Manchester attack
Candles and a message of condolence are left for victims of Manchester Arena attack in central Manchester, England, May 23, 2017. Reuters/Jon Super

A suicide bomber who blew himself up at a concert in northern England’s Manchester Arena, killing 22 people and severely injuring several others, is likely to not have acted alone, British Home Secretary Amber Rudd said Wednesday. Salman Ramadan Abedi was known to security services “up to a point,” the British intelligence services and law enforcement officials said.

"It seems likely possible that he wasn't doing this on his own so the intelligence services and the police are pursuing their leads in order to make sure they get all the information ... that they need to keep us safe," Rudd told BBC radio, according to Reuters.

Read: UK National Terror Threat Raised To Highest Possible Level After Manchester Attack

"The security services will know a lot of people, it doesn't mean they are expected to arrest everybody that they know, but it is somebody that they had known before and I'm sure when this investigation concludes we'll be able to find out more," Rudd said.

The blast took place near Manchester Arena’s box office at about 10:33 p.m. local time (5:33 p.m. EDT) as nearly 21,000 people were leaving singer Ariana Grande’s concert. Following the attack, supporters of the Islamic State group (ISIS) posted celebratory messages on social media and encouraged more "lone wolf" attacks. The militant group Tuesday claimed responsibility for the attack, which was the most fatal in Britain since the London subway bombings that killed over 50 civilians in 2005.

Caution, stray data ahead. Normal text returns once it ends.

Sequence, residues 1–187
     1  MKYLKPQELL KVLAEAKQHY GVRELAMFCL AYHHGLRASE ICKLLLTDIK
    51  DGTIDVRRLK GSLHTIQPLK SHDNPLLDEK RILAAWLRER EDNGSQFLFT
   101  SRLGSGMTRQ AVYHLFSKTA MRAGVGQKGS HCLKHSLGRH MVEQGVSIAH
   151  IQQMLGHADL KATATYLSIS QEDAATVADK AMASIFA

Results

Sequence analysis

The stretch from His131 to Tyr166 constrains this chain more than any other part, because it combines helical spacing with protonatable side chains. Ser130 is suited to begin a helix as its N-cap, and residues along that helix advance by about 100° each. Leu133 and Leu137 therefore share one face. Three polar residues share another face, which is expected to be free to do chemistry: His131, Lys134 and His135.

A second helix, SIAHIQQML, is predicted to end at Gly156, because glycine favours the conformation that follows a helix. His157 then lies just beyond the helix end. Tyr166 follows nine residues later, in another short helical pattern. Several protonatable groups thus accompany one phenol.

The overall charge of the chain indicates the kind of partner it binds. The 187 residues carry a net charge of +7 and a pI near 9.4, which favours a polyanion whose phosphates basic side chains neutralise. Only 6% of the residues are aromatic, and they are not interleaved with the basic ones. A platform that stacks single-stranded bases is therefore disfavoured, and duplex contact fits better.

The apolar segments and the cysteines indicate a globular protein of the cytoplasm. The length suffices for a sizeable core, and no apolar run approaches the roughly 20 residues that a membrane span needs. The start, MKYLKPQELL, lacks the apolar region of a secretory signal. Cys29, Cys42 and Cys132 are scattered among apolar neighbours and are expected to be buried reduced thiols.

British and French intelligence agencies have information that Abedi had visited Syria and had “proven” links with ISIS, French Interior Minister Gerard Collomb reportedly said on BFM television Wednesday. However, the minister did not provide more details.

Manchester is known to house one of the largest Libyan communities in the country.

Born in 1994 in Manchester on New Year’s Eve, Abedi is the youngest of his four siblings — one sister and two brothers. His parents Samia Tabbal and Ramadan Abedi were Libyan refugees, who fled the North African country due to Muammar Gaddafi’s regime. The family moved to Manchester after spending a few years in London. His father worked as a muezzin in suburban Didsbury area, BBC reported. Abedi's parents are believed to have moved back to Libya in 2011 following Gaddafi’s ouster.

As a kid, Abedi studied at a Manchester school. He went to Salford University in 2014 to study business management before dropping out, according to the Telegraph. He then worked in a bakery, BBC reported.

Abedi was recently radicalized. However, it was not immediately known, the Telegraph reported. He also reportedly frequented a local mosque accused of raising funds for terrorists.

"He went to Libya three weeks ago and came back recently, like days ago," Abedi’s school friend told the Times, according to the Telegraph.

While in Manchester, Abedi’s family stayed at several places. Their properties at Elsmore Road in the Fallowfield area were raided by police following the attack. Officials also raided Abedi's another property in Whalley Range, where his family had stayed for at least a decade.